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"As long as human rights are violated, there can be no foundation for peace. How can peace grow where speaking the truth is itself a crime?"

May skip reincarnation this time, Dalai Lama says

November 22, 2007

Last Updated: Tuesday, November 20, 2007 | 12:30 PM ET
CBC News

The Dalai Lama is floating the idea of breaking a centuries-old 
Tibetan Buddhist tradition by naming his successor or letting monks 
elect the next spiritual leader, according to news reports.

His comments in Japan come on the heels of a recent order by China 
that it must approve Tibet's future spiritual leaders.

The order has fuelled concerns that China may forcibly choose a pro-
Beijing leader once the current Dalai Lama is dead.

"If the Tibetan people wish to uphold the Dalai Lama system, one 
possibility would be to select the next Dalai Lama while I am still 
living," the Dalai Lama was quoted as saying in an interview with the 
Japanese national newspaper, Sankei Shimbun.

Tenzin Gyatso, who is the 14th reincarnation of the Dalai Lama, told 
the newspaper that among the options being considered is the 
democratic selection by the high monks of Tibetan Buddhism or the 
appointment of a successor by himself.
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According to Tibetan Buddhist tradition, monks search for the 
reincarnation of the lama after the spiritual leader's death, but 
Gyatso seems to believe Tibetans may support a break in the custom.

"The Tibetan people would not support a successor selected by China 
after my death," the Dalai Lama was quoted as saying to the newspaper.

China's order, which came into force in September, says that all 
future lama appointments related to Tibetan Buddhism "must get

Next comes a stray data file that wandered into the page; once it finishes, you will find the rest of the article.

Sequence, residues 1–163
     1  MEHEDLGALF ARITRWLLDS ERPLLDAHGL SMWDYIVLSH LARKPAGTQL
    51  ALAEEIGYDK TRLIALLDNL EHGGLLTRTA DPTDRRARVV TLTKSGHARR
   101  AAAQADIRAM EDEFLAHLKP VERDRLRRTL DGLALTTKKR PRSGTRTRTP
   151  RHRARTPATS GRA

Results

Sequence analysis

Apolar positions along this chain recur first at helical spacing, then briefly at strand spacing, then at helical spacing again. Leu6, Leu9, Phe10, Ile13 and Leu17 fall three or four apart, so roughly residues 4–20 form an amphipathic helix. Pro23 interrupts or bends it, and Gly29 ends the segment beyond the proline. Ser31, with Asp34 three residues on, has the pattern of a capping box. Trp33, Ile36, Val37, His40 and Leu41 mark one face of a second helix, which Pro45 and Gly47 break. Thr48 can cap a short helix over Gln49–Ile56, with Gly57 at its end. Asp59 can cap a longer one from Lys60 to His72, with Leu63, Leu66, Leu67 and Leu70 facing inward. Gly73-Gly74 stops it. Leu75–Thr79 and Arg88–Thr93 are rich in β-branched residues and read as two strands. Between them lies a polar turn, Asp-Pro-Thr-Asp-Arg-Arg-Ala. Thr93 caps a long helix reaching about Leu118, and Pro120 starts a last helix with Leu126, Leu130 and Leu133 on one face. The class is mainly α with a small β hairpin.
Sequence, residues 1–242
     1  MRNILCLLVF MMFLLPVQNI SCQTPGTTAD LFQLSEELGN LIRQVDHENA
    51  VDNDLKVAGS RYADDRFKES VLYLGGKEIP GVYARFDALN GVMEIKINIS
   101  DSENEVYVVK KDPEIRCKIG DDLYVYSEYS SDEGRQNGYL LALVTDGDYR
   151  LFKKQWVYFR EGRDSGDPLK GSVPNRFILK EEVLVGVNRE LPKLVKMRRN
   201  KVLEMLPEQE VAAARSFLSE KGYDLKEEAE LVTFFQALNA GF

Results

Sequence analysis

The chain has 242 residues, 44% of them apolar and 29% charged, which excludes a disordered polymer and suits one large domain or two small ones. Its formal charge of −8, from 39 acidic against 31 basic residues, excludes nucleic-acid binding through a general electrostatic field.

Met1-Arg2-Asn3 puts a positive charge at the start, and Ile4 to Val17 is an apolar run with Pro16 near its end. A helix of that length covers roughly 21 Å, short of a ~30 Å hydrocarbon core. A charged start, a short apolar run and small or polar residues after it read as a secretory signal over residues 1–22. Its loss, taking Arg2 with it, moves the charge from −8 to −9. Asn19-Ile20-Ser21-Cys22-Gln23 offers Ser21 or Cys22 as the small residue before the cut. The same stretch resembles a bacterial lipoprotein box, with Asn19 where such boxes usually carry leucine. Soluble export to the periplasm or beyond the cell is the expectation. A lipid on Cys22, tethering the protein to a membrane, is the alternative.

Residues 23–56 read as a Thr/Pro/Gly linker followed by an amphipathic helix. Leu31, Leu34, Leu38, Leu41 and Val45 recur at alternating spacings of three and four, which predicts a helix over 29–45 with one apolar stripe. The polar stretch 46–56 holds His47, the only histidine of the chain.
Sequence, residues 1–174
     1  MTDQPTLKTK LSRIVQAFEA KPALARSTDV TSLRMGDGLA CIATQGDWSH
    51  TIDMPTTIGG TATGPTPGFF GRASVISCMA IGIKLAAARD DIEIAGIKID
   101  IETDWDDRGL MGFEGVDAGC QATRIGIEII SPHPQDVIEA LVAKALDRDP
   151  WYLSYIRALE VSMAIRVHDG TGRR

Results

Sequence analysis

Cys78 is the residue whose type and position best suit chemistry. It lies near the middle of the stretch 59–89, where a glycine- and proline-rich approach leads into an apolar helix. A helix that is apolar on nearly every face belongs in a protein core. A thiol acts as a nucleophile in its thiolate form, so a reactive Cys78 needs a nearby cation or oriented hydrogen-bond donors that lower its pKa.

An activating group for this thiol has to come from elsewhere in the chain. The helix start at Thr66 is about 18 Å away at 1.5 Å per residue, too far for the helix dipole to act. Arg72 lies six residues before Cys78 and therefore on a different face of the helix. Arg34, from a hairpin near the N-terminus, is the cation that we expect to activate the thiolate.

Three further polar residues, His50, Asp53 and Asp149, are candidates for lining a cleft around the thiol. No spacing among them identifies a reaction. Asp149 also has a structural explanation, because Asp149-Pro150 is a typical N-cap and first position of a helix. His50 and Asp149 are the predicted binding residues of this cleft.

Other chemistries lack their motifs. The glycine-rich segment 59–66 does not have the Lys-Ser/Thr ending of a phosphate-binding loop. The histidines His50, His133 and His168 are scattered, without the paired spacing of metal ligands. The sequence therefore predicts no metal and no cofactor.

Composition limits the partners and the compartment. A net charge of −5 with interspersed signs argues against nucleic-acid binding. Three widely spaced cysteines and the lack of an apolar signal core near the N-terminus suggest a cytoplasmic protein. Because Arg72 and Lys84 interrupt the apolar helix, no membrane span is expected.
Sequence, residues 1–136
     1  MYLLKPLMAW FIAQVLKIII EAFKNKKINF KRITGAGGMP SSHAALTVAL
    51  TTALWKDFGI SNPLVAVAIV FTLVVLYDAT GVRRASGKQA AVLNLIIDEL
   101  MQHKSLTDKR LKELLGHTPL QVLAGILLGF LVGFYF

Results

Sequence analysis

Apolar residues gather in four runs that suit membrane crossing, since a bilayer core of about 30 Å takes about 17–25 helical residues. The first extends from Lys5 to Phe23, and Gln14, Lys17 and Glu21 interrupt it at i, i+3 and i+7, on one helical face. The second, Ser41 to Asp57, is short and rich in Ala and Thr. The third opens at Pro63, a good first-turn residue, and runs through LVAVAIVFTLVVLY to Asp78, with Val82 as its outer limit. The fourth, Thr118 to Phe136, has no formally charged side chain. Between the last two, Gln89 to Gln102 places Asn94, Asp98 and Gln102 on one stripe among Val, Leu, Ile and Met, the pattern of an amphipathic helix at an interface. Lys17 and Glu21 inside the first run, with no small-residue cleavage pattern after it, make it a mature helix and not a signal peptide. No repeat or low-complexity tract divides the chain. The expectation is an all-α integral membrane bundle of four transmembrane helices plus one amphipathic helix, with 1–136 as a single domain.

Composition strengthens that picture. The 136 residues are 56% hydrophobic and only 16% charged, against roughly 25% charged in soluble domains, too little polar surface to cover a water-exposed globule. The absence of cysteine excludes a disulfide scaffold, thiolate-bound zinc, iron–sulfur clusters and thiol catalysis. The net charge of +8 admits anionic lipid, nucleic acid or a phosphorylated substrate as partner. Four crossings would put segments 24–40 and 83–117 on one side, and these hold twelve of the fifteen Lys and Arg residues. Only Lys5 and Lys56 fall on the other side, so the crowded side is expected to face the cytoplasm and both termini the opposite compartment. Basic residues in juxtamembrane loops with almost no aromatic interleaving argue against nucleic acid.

government approval," according to the state news agency Xinhua.

The order also keeps outside sources from having "influence" on the 
selection process, the report said.

China's Communist-led government has already named a new 11th Panchen 
Lama, the second-highest figure in Tibetan Buddhism.

In 1995, the Dalai Lama chose six-year-old Gendun Choekyi Nyima as 
the 11th Panchen Lama. The boy and his family disappeared soon after 
and have not been heard from.

China's government later named Gyaltsen Norbu as the 11th Panchen 
Lama. They said Norbu and his family are being kept in a secret 
location for their protection.

The Dalai Lama and his followers have lived in exile in India since 
fleeing in 1959.

His latest comments were made during a nine-day visit in Japan where 
officials, who are seeking to improve relations with China, gave him 
the cold shoulder.

His worldwide tour also brought him to Canada in October when he met 
Prime Minister Stephen Harper.

China objected to Harper's meeting with the Dalai Lama, whom they 
view as a dangerous separatist.
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